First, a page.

Initially, I thought to write about music in yoga—as in, should music be played during yoga class? Then, as I began to follow the rabbit hole of thought, through purist/traditional perspectives, modern interpretations, and where it all fits, a more interesting question took form.
Why do we practice yoga? And…more specifically, can (and should) each person’s WHY be unique to the individual?
What ‘Yogi’ Means
As I write these words I’m reminded of a conversation I once had with a friend. This friend practiced yoga her entire life. Both of her parents practiced, she engaged in daily meditation, her home housed an impressive shrine including a depiction of her guru…and she had a hard time hearing people throw around the term “yogi.”
As if, any Starbucks-drinking, Manduka mat-wielding, 3-times-a-week gym practitioner earned the right to wear “yogi” on their sleeve. It was blasphemous to her that a yogi could be considered anything but a fully realized being, the result of a lifelong practice of regimented devotion.
I found her opinion on “yogis” to be comically paradoxical, but more on this in a moment.
We all take positions such as my friend’s, be it in yoga, politics, religion—essentially all human experience—and this is the essence of dualism; one thing is right while the other is wrong. This is “our thing,” a set of beliefs composed of norms, opinions, and taboos that becomes our own personal life guidebook (often also referred to as moral code, or code of ethics, etc.).
Nothing gets us in more trouble than projecting and defending this guidebook to/onto others.
In fact, we identify so strongly with this personal guidebook that for most people, there isn’t a conception of reality that exists outside of it. The guidebook literally becomes WHO WE ARE. Or rather...the guidebook gets mistaken for who we are. We organize ourselves into tribes based upon the guidebook—political and social tribes, tribes of hobbies and interest, tribes that reinforce our standing on matters.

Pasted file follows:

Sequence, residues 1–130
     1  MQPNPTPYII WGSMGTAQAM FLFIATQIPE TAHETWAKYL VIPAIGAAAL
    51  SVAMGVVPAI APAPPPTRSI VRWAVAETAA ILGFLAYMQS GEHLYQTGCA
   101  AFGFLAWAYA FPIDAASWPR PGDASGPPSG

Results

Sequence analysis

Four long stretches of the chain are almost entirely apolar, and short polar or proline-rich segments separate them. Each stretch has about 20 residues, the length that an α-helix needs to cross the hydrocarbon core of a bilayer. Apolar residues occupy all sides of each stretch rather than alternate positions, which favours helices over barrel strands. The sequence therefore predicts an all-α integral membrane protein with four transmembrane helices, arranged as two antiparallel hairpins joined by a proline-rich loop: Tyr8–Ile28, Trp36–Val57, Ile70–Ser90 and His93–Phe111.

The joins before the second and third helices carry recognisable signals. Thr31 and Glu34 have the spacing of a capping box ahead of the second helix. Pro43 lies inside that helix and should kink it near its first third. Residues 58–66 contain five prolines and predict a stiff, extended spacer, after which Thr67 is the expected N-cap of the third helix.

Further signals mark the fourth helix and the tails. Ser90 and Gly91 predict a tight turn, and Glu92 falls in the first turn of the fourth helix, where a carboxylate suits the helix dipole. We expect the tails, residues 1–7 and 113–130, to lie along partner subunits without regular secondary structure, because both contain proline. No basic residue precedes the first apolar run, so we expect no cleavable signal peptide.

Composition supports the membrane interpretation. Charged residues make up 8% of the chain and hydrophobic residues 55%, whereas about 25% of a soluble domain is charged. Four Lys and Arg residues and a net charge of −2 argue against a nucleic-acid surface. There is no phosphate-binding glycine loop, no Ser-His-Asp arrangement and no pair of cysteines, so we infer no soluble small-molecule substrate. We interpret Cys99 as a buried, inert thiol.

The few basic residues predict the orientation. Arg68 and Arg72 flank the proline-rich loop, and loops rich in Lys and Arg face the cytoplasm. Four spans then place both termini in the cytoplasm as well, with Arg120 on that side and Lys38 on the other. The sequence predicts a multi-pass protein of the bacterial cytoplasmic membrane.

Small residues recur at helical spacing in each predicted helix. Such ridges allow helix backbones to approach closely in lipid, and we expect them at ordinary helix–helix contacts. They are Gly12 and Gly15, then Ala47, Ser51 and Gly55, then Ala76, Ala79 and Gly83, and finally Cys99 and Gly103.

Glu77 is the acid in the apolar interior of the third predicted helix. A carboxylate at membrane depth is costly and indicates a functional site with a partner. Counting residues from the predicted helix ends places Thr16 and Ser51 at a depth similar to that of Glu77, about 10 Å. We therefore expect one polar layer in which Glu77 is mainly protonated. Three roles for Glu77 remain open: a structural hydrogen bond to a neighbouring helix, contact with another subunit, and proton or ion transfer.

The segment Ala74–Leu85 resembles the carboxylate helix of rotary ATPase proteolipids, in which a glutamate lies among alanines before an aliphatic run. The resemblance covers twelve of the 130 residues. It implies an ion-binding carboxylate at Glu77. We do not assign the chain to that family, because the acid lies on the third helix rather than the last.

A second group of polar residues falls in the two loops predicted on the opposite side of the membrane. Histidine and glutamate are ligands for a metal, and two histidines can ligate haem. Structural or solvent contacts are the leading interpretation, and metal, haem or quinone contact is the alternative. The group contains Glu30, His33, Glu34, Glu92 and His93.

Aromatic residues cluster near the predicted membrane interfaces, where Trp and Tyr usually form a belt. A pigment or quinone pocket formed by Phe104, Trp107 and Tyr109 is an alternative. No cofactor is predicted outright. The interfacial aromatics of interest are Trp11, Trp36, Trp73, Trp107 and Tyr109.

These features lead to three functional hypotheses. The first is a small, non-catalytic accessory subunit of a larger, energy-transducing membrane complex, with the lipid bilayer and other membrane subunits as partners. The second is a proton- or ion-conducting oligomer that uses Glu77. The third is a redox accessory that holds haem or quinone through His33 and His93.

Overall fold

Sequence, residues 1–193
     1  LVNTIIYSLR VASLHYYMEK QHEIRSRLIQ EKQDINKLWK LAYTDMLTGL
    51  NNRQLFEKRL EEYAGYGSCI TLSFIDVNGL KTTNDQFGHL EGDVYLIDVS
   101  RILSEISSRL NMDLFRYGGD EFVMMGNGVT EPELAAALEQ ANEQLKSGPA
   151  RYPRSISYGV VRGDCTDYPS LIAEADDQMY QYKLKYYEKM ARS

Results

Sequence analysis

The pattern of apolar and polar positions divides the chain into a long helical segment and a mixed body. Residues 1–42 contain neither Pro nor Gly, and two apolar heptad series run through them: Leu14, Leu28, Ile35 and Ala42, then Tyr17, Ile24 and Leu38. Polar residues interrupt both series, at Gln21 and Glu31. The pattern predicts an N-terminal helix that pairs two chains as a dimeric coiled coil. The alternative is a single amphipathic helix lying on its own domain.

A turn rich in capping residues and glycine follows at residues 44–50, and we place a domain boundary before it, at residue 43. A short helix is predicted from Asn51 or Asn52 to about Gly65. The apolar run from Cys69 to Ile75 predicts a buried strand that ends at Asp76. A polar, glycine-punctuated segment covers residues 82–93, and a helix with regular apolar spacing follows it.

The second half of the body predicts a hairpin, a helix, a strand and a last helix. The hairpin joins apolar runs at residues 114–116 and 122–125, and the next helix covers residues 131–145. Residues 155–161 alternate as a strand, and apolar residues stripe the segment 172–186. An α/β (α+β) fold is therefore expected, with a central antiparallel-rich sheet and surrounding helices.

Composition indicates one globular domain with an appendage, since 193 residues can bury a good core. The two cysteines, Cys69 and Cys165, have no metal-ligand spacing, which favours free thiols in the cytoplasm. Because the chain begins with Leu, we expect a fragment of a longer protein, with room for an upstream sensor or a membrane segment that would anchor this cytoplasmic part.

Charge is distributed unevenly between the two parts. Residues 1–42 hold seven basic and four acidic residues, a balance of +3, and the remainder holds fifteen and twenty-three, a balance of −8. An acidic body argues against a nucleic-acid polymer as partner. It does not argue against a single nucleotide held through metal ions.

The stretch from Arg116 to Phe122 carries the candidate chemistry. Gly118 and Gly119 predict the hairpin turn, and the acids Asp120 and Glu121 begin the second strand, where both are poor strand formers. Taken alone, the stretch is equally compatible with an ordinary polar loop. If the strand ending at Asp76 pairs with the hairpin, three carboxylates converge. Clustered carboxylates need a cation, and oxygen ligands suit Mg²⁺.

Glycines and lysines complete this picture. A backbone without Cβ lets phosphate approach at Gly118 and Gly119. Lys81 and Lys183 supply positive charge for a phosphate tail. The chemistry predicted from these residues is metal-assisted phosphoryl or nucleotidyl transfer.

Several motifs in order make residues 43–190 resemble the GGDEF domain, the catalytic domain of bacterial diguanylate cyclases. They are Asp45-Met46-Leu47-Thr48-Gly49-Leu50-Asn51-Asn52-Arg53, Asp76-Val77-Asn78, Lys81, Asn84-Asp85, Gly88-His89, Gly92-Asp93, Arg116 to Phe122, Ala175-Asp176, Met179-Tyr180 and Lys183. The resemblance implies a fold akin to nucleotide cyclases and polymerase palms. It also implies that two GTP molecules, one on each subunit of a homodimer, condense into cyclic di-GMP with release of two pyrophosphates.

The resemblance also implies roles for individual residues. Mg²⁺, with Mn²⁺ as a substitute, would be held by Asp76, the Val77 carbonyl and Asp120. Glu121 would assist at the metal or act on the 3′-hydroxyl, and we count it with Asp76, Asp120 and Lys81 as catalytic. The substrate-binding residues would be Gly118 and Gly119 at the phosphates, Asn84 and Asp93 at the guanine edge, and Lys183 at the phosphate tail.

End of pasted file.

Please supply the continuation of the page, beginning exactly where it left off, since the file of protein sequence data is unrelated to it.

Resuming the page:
Don’t believe me that our identification with the guidebook becomes our self-defining mechanism? Consider a simple experiment and go vote for a member of an opposing political party in the next election. See. Impossible, right? And that’s an easy one.
There is no mental capacity for understanding the previous paragraph, it is in fact, outside the realm of the mind, impossible to comprehend, and herein lies the interesting paradox of yoga, and the reason for my amusement at my friends’ offense over the casual use of the moniker “yogi.”
The World Of “Is”
Yoga as a spiritual practice is a process of transcending dualism, of realizing oneself beyond the world of OTHER. This is the world where statements like WE ARE ONE come from. This is the world 99.999999% of humans aren’t aware of, other than conceptually speaking (myself included of course).
This is the world beyond thought and opinion, this is the world of IS.
In the world of IS, something exists for the sake of its existence. In the world of IS, it doesn’t matter if someone chooses to practice yoga for exercise. In the world of IS, it doesn’t matter if music does or doesn’t get played during class. In the world of IS, it doesn’t matter if I call myself a yogi, Muslim, Christian, or purple dinosaur.
In the world of IS, everything is in its right place.
This is bold territory to walk within. A world where things just ARE, is a world that can either feel like one without any specific meaning, or one in which meaning is inherent in everything—though the meaning will always exist beyond human consciousness.
Perhaps where I’m going with all of this is to simply say—it doesn't matter. It doesn’t matter why the person next to you came to class today. Your guidebook is yours, and theirs is theirs.
Avoid attachment to the guidebook. It’s life. Enjoy the hell out of it.